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What wouldn’t fit in the feature

September 23, 2011

If you haven’t yet, check out my feature that aired today. It’s a story of state bureaucracy making the lives of parents even harder. There’s even a happy ending- after more than a decade of talking about changing the policy, RI finally did!

This story is hard to fully explain on the radio because it involves some technical aspects of how state government funds its services.  I left out those details in the sound piece, but I can talk about them here.

So first, Medicaid.  Rhode Island and the federal government split the bill on offering health insurance to low income, elderly, and disabled residents. Currently, the Feds give us about 53 cents for every dollar we spend.  But Medicaid doesn’t cover everyone who’s low income. These are the people that qualify for the federal Medicaid program

  • Pregnant Women
  • Children and Teenagers
  • Person who is Aged, Blind, and/or Disabled

Rhode Island’s RIte Care health insurance program expands eligibility for Medicaid a little bit. These are the people that qualify

  • Pregnant women (family’s income less than 250 percent of the Federal Poverty Level- FPL)
  • Children up to age 19 (family’s income less than 250 percent of the FPL)
  • Parents with children under age 18  (family’s income less than 175 percent of the FPL)

Notice that healthy, low income residents aren’t on any of these lists. Currently, you have to have kids if you want to get health insurance from the government. Thus the problem when low income parents lose custody of their children-they’re no longer technically part of a family, so they don’t qualify for health insurance.

This becomes a problem when a mom or dad loses custody because of an addiction or mental health problem. How are parents supposed to get better when they only qualify for very scarce “public beds” in treatment facilities?

But the RI Department of Human Services says this policy wasn’t just a problem for parents with addictions.  If a child left home for any reason, the adults no longer had health insurance.  That includes juveniles who go to prison, or have such severe mental or emotional issues they have to be institutionalized.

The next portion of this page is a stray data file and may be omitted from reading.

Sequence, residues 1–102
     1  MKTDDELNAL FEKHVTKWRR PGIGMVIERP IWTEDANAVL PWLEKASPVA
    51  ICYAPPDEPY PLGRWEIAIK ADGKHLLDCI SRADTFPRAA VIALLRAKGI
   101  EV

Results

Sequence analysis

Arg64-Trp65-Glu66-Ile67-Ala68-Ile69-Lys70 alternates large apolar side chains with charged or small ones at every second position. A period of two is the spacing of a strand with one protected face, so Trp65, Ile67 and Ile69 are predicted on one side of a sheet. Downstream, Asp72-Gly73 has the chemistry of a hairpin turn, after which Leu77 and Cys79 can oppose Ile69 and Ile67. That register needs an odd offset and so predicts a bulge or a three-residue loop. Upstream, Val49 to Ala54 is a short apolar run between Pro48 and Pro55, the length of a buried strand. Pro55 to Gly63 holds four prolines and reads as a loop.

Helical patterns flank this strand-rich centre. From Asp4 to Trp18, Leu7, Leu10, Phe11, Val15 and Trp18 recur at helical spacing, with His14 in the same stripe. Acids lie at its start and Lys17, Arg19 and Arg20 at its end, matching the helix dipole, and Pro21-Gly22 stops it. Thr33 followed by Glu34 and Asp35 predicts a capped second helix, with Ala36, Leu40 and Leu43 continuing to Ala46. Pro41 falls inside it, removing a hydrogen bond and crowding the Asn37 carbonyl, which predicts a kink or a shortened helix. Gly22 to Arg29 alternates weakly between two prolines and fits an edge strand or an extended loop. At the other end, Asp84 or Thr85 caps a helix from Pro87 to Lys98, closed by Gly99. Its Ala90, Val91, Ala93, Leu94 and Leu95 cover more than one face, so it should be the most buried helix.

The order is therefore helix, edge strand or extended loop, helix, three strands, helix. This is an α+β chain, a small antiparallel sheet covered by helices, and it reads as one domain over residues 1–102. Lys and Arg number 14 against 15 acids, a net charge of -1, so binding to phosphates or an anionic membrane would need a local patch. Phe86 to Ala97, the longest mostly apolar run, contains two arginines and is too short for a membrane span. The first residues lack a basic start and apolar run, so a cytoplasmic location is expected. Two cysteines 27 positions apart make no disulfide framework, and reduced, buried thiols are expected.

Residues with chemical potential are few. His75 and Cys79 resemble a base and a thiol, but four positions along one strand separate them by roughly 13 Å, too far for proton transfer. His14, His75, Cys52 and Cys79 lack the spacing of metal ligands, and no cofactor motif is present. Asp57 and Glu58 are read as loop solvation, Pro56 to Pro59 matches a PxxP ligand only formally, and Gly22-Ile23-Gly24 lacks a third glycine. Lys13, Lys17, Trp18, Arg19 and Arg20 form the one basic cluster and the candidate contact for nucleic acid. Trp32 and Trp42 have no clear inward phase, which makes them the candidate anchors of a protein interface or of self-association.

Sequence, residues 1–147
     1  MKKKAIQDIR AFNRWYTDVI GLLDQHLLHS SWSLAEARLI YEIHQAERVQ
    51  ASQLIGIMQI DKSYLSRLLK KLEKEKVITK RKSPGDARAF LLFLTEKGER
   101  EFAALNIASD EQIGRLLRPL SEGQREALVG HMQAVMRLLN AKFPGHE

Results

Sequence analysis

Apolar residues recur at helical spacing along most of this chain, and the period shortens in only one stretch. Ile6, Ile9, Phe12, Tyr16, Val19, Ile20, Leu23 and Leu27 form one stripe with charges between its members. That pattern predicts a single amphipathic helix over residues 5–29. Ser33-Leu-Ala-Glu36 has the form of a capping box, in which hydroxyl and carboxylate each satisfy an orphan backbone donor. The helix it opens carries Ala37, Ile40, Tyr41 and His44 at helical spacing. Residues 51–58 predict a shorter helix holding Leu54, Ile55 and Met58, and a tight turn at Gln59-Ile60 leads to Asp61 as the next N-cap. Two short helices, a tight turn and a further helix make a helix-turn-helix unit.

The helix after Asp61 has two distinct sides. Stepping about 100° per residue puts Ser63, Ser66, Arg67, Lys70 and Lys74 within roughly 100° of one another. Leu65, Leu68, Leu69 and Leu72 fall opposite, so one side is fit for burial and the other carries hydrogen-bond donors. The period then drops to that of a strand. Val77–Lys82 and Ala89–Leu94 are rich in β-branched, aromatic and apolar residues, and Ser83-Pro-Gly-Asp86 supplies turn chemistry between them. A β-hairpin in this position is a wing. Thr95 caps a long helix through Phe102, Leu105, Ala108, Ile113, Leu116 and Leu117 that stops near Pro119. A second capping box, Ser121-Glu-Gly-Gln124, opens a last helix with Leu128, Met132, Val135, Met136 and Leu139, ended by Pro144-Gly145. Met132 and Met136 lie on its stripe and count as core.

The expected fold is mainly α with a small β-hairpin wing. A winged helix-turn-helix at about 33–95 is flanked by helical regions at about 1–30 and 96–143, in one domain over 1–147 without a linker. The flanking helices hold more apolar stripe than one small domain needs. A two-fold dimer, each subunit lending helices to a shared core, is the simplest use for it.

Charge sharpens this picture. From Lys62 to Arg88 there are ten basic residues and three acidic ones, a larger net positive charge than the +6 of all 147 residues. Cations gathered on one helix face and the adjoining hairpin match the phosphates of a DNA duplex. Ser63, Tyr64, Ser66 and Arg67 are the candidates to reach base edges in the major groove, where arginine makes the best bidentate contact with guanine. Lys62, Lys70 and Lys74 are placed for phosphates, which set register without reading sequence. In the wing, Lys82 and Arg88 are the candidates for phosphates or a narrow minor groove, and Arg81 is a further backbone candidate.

DHS says sometimes parents with really troubled children would wait too long to put their kid in an institution because it meant giving up health care for themselves. The policy change profiled in my feature allows them to avoid that worry.

As for how this change happened-Rhode Island knew it was a dumb idea to kick parents off Rite Care just when they needed it the most, but keeping them on the program was too expensive. That’s because the feds stopped splitting the bill once moms and dads lost their kids.

When Rhode Island received the controversial Global Medicaid Waiver from the federal government, the agreement allowed for more flexibility on how Rhode Island could use federal matching funds. The so called Costs Not Otherwise Matchable (CNOMs) meant RI could experiment with new ways to split the bill with the federal government, including buying health care for parents who don’t live with their kids.

The Global Medicaid Waiver expires on December 31, 2013, but DHS is pretty confident the federal government will still chip in to pay for parents’ health insurance. I asked RI Medicaid director Elena Nicolella what the state will do if that doesn’t happen.

I don’t know. I guess we’re just assuming we’re gonna continue to get the federal funding because it’s just that good!

Nicolella said this with a laugh, and then clarified-

We will devise a way to continue to do this, because no one will argue that it’s not good policy. We just have to fund it.

At first I thought this program would only matter for the next 2 1/2 years.  That’s because in 2014, under the health care overhaul, low income individuals will qualify for Medicaid on their own. But Nicolella says the policy change will continue even then to make sure there’s no interruption in services.

What we’re putting in place today, we are fully expecting would remain because it would facilitate the continuity of services. So even if the people were able to maintain insurance after the Medicaid expansion, there’s still that possibility that there would be a disruption in services because they’d be moving from one category of eligibility to another.

A few other details on the program- it will cost RI $345 dollars a month per person. That’s the same price it pays when parents are on RIte Care. The coverage is limited to three months, with room for 30 day extensions if parents are close to reunifying with their families.  Did I leave anything out?

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